Sheep and goats, being hardier, could survive the winter, but might be brought under cover at the height of a storm. While hay was grown on uncultivated land, the best hay was grown in the tún, the home field near the farm. This hay was carefully cultivated, with animals (and people) excluded so that the grass remained untrampled and uneaten while it grew during the summer.

Hay was harvested using scythes, and then raked and turned and stacked against a wall for drying. Scythes needed frequent resharpening in order to keep the edge sufficiently sharp. Whetstones, imported from Norway, were used to keep the edge sharp. In addition, the ropes (ljábönd) which attached the blade to the wooden handle worked loose as the work progressed, requiring a pause to retighten. As much hay as possible was stored under cover in barns, but it’s likely that at least some of the hay had to be stored outdoors over the winter. This hay was built into stacks and protected from the weather by turf piled around and over the stacks.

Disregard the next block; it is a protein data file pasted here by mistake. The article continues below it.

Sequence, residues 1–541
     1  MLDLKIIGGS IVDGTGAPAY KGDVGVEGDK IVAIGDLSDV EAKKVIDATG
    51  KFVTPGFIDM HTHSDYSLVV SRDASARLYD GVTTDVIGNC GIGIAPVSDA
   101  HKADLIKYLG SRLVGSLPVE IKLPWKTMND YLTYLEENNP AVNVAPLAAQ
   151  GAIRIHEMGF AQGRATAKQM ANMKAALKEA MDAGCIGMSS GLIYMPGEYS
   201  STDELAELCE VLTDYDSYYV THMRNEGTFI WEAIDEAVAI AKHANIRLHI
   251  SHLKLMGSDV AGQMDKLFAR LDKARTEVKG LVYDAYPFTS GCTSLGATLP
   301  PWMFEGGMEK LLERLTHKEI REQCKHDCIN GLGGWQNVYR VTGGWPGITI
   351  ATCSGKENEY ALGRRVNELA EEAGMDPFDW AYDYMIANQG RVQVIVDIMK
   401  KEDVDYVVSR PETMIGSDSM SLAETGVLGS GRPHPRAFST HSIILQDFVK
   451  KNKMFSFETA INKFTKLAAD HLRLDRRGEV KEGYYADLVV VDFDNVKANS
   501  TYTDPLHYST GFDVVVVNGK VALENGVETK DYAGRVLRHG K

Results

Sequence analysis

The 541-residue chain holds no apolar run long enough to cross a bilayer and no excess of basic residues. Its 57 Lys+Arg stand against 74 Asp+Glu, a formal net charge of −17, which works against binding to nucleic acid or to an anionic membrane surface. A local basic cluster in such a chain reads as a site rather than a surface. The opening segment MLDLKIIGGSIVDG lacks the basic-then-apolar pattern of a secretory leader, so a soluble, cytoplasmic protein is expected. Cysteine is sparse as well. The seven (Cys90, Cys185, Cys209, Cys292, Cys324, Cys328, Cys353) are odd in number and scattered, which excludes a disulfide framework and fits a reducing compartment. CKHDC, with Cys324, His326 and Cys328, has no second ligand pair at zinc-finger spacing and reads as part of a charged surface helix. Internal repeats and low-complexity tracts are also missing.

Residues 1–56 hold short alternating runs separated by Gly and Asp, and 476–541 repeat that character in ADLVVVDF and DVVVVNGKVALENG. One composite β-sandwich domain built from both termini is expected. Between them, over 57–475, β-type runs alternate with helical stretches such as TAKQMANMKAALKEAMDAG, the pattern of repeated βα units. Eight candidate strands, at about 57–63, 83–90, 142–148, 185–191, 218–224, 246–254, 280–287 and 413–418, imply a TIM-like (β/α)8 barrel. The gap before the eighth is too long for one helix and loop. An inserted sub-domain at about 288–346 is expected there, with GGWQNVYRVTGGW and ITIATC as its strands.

The tún at Bjarg, the farm where Grettir the Strong was raised, is shown to the left as it looks today. When the photograph was taken, the haying operation was in full swing, using modern farm machinery.

In order to keep out animals, walls were built of sod and stone. The walls both enclosed and protected the hayfields, and also marked boundaries. A turf wall is shown to the right, which was under construction when the photograph was taken. Building and maintaining the walls surrounding the meadows and the homefield was a major chore at the farm every year.

All available manure was spread on the homefield to fertilize the soil and to maximize the crop. In the spring, manure that had accumulated in the animal shelters over the winter was spread on the homefield. There is some evidence that some fields were irrigated, for example the laws about irrigation that appear in Grágás (K 191), the medieval Icelandic law book. However, if irrigation happened at all, it must have been on a small scale, due to the difficulty of digging extensive irrigation ditches with the tools available in the Viking age.

Hay was so important to Viking age farms that growing sufficient hay was written into the law, which required that tenant farmers hire enough farm hands that all hay meadows could be worked. The law prohibited land from becoming waste through lack of attention. — www.hurstwic.org